Company entitled to use rent free period in the first five years for valuation purposes, tribunal finds

Out-Law News | 20 Jul 2012 | 5:07 pm | 2 min. read

A Valuation Tribunal has rejected an approach by assessors that would have increased the business rates paid by a City firm by 20% over the first five years of a lease. 

Property owners often offer long-term tenants rent-free periods to encourage them to occupy their properties. Businesses have traditionally used these periods early in the lease to reduce costs early in the lease, when a tenant has to meet other costs of starting up a business, such as fitting-out.  Business rates are based on the rent paid by a tenant.

In a case involving insurance company Thomas Miller and its City of London offices, a Valuation Officer from the Valuation Office, which is part of HM Revenue and Customs, had tried the "totally new" approach of spreading the inducement over the first 10 years of the lease instead of the first five years.

This would have led to the charging of higher business rates in the first five years of the lease than would have been the case if the rent-free period was treated as falling within that initial five year period.

The Valuation Tribunal for England rejected the Valuation Officer's approach and said that Thomas Miller was entitled to treat the rent free period as falling within the first five years leading up to its first rent review.

Business rates are charged on most non-domestic premises including shops, offices, warehouses and factories. Premises are assigned a rateable value by the Valuation Office which is used by the local authority to calculate how much the occupier of that property should pay.

Commercial property law expert Suzanne Gill of Pinsent Masons, the law firm behind, pointed out that the case was the second challenge to City business rates in quick succession.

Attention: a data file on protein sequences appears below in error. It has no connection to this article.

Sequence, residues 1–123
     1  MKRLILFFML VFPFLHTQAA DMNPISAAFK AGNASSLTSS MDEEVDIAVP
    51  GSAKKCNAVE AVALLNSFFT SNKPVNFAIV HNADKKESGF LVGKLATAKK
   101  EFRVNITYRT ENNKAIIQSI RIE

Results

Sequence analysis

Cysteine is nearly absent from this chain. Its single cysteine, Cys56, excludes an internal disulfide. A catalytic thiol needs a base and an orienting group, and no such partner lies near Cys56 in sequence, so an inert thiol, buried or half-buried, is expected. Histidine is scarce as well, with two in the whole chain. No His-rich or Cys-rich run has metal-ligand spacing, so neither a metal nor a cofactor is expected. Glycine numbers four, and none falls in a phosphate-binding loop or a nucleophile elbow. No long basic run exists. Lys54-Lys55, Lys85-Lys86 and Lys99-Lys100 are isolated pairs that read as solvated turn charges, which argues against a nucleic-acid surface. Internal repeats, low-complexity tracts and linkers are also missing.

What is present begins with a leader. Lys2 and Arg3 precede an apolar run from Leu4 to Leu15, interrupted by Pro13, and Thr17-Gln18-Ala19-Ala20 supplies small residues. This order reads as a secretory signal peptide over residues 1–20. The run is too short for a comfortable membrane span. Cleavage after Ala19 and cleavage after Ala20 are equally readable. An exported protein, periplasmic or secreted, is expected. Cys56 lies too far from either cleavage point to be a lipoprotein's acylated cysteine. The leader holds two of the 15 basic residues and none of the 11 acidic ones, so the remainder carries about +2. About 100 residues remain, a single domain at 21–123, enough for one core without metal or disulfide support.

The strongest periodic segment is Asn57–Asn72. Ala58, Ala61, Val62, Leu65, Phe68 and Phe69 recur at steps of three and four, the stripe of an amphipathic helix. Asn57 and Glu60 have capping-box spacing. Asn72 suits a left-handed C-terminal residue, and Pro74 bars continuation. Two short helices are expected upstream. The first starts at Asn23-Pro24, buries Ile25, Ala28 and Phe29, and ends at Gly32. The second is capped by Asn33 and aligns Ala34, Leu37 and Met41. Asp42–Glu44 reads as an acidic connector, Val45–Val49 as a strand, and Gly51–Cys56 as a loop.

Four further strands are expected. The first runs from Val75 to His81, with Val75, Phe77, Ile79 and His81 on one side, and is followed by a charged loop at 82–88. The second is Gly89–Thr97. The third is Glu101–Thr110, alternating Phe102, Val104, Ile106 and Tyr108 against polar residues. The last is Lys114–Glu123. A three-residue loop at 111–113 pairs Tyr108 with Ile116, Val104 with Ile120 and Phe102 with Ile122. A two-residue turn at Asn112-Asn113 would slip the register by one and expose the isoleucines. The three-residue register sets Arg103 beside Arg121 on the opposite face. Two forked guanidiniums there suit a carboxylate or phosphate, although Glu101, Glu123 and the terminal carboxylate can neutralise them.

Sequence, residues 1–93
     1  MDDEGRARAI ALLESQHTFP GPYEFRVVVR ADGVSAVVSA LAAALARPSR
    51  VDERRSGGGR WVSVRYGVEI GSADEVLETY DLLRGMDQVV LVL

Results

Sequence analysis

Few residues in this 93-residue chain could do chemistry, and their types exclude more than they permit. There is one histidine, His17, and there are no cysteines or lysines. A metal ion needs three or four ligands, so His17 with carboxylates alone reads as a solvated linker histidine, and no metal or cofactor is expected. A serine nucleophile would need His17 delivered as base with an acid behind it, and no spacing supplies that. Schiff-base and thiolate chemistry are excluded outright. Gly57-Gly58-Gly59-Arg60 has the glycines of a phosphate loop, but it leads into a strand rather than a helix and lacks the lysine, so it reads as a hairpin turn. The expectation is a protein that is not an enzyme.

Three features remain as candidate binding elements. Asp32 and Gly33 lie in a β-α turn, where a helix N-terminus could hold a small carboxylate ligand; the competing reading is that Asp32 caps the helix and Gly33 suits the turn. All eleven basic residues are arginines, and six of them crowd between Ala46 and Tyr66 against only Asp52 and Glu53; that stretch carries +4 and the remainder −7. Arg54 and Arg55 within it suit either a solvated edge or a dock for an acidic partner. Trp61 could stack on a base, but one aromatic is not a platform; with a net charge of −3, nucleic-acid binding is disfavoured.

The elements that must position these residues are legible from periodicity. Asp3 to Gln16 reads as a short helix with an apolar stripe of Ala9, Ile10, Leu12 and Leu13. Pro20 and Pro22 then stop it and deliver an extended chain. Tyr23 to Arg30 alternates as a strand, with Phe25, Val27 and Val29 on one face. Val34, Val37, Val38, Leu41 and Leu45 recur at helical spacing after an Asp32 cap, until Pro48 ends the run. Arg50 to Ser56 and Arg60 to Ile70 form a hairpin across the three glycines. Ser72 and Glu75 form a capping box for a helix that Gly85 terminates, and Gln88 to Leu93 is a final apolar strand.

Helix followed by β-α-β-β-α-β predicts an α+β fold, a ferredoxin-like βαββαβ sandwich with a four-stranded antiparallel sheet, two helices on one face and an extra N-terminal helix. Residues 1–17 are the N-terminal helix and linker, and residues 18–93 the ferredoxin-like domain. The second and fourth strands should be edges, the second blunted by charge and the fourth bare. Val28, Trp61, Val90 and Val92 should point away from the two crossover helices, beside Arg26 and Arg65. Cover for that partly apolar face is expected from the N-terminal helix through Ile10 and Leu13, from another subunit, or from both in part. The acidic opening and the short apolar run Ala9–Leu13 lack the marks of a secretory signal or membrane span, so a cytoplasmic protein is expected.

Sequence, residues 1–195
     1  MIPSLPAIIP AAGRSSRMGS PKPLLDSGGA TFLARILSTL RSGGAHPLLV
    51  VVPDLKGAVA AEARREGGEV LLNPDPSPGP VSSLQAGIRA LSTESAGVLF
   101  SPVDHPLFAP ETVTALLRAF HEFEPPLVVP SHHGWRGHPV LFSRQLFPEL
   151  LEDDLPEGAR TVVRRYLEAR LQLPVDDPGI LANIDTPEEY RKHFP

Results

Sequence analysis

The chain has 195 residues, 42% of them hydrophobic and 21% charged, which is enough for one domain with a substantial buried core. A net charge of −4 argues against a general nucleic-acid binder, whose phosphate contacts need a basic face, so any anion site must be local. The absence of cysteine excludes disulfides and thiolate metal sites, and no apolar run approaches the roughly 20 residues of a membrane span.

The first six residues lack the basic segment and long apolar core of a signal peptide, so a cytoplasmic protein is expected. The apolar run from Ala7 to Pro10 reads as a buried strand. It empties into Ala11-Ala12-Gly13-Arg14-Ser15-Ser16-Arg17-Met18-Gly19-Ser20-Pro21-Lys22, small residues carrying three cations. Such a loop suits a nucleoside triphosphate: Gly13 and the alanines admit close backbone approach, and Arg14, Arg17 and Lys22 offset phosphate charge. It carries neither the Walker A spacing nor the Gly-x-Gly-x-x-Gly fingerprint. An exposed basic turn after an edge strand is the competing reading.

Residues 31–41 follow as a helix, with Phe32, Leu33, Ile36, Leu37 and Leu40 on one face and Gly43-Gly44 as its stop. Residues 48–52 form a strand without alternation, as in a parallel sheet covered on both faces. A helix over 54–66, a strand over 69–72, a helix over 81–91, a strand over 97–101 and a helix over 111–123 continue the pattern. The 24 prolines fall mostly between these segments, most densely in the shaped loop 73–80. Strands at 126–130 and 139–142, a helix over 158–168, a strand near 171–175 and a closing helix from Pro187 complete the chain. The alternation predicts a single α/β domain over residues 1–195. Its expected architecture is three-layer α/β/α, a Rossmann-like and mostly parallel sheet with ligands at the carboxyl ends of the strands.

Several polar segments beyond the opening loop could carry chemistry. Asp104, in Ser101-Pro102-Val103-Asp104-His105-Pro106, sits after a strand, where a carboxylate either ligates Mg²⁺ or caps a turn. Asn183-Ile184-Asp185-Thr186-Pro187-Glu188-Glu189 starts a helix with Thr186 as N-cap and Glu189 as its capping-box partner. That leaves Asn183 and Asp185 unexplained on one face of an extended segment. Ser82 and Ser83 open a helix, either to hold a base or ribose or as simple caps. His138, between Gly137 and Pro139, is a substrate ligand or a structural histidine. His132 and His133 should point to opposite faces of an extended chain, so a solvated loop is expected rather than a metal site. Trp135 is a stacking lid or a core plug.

"As rents are static or falling, rates are becoming an increasingly significant part of property costs and it's not surprising that they are being challenged, especially in London with its high rateable values," she said. "This decision will be a relief for hard-pressed businesses - the lettings market for commercial premises is poor at the moment, especially in secondary premises and outside London."

"Though the business's preferred approach might not have changed the total rates over the whole term of the lease, it would have decreased the amounts due in the very short term, and businesses are very focused on reducing immediate property costs right now," said Gill.

The decision confirmed that the previous practice by the valuation tribunal of using up rent free periods in the first five years was "broadly correct", she added.

"It was the right decision, as it means that business rates are treated in the same way as rent-free periods are treated," she explained. "Because of this, rates bills will not change – if the judgment had gone the other way, they would have risen."

Last month the Upper Tribunal (Lands Chamber) decided that where a business occupied two or more unconnected floors in the same building, that property should be treated as a single 'hereditament', or unit of occupation, for the purposes of calculating a rateable value. The High Court recently ruled that landlords were entitled to use the so-called '42 day rule' loophole, allowing them to trigger a six-month 'grace period' from paying business rates on property left lying empty, as a means of managing liability for business rates.

According to Knight Frank, the tribunal said that although the tenant's approach was correct the end result still had to "stand up to scrutiny" and deliver a value comparable to that of nearby properties. The evidence presented by Thomas Miller supported its approach.

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